Nobody backs a business they don’t understand. You have said something about the company in the summary, but you have not gone into any detail. Then your reader comes to this section, which outlines what your business is about and how you got here. Your audience may know nothing about your business and industry; worse, they may think they do and be utterly mistaken. You must either educate readers very quickly or put them right. The purpose of this section is to get the essential facts over rapidly and to paint a broad picture so that readers will then be able to understand and assimilate the detail that is in the body of the Business plan.


“I keep six honest serving-men

(They taught me all I knew);

Their names are What and Why and When

And How and Where and Who”.

-Rudyard Kipling


Outline what this business is all about:

1. What is it, what does it do?

2. Where does it do it?

3. How was it established, and when?

4. By whom?

5. Why?

6. Has it been successful, and if not, why not?


All businesses sell something, and the reader may not understand the special issues that affect your products. You must explain the key issues briefly and clearly:

Don’t explain the technicalities here, but broadly how it does what it does.

Where does it do it?

Is there anything unique about it, and have you a patent or other protection on it?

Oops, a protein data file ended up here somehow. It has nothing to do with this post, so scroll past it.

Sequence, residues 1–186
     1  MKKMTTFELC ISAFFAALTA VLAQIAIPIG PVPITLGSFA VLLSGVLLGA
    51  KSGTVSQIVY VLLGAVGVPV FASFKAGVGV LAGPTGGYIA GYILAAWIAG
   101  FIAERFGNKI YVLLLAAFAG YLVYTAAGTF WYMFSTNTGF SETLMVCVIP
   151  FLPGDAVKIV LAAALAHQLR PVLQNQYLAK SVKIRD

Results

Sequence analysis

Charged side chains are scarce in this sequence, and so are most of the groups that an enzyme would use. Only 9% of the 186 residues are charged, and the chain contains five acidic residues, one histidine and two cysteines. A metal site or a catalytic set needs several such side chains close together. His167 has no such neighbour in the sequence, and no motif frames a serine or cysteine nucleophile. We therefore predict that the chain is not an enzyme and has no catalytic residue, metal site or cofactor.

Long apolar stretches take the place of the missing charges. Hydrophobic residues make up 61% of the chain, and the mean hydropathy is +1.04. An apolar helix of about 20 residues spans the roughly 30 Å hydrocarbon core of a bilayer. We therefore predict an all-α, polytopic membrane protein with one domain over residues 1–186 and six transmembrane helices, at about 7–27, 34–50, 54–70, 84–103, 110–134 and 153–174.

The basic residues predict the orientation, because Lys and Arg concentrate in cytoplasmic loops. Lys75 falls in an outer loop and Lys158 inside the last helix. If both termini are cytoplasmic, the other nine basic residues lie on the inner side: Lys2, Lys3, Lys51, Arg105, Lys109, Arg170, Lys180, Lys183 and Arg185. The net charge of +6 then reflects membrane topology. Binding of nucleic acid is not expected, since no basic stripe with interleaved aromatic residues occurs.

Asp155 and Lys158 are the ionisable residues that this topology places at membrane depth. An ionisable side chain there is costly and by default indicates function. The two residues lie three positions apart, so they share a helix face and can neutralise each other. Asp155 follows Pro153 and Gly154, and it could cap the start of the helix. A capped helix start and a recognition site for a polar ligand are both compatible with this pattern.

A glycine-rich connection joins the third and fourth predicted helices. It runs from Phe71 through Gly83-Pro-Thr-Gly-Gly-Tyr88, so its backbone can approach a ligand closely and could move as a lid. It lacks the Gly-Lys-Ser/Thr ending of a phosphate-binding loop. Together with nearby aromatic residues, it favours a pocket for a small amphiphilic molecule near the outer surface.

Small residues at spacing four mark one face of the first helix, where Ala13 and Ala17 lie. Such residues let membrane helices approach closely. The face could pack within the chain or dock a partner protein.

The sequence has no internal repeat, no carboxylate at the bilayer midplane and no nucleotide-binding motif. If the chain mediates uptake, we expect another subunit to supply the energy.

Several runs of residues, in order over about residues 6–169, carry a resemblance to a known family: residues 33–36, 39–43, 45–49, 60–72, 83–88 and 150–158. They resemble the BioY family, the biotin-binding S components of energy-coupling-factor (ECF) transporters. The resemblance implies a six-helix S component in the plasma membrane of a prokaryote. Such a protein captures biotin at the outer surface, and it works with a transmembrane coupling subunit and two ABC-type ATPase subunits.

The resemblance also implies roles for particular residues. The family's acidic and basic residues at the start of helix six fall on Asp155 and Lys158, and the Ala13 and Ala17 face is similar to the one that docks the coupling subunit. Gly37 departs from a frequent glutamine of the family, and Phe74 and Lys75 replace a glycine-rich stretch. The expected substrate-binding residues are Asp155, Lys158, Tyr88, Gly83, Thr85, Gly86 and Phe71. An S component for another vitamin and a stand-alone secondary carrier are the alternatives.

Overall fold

How is it supplied or distributed?


Most readers will imagine they know something about all markets. You must therefore choose the important points and get them across in a punchy way. Correct the reader’s misconceptions quickly and firmly. Remember that this is a platform for saying what you intend to do and why, so focus on things that support your case:

What is the structure of the market?

• Whom do you sell to?

• Why do they buy?

• Why do they buy from you?

• How do you distribute your product or service?

• Very broadly, who are the competitors? 0 How do they compete?

What do we mean by ‘structure’ of the market? Well, is it a monopoly, with one dominant supplier, or are there lots of suppliers? Is there a dominant group of suppliers? Similarly, are there one or many customers, one or many suppliers like you in the market? Are there segments in the market with a recognizable top quality at one end and cheap and cheerful at the other? Is there effective branding, with one or more players in the market selling an image and the benefits of the product or service?

This, together with the other issues on the list, is discussed in greater detail in the next chapter.

Many, if not most, businesses have important supply issues. For example, if you are a motor car distributor then clearly your plan must talk about where you buy your cars from and what influences the prices at which you buy and sell as well as the security of your supply. What are your main contract terms? If your primary supplier is losing market share, then you will need to reassure your reader as to why that does not affect the viability of your proposal. If yours is a computer software business then you may still be influenced by supply constraints, in this case perhaps the supply of skilled programmers or systems analysts.

You need to answer the following questions:

What are your main inputs? Are there a limited number of suppliers?

Are there any constraints on your ability to get supplies when you want, at the price you want?

Are credit terms an issue? What is your credit limit, and how many days of credit do you get?

Answer the key questions about potential suppliers that may occur but don’t go into great detail at this stage, for example: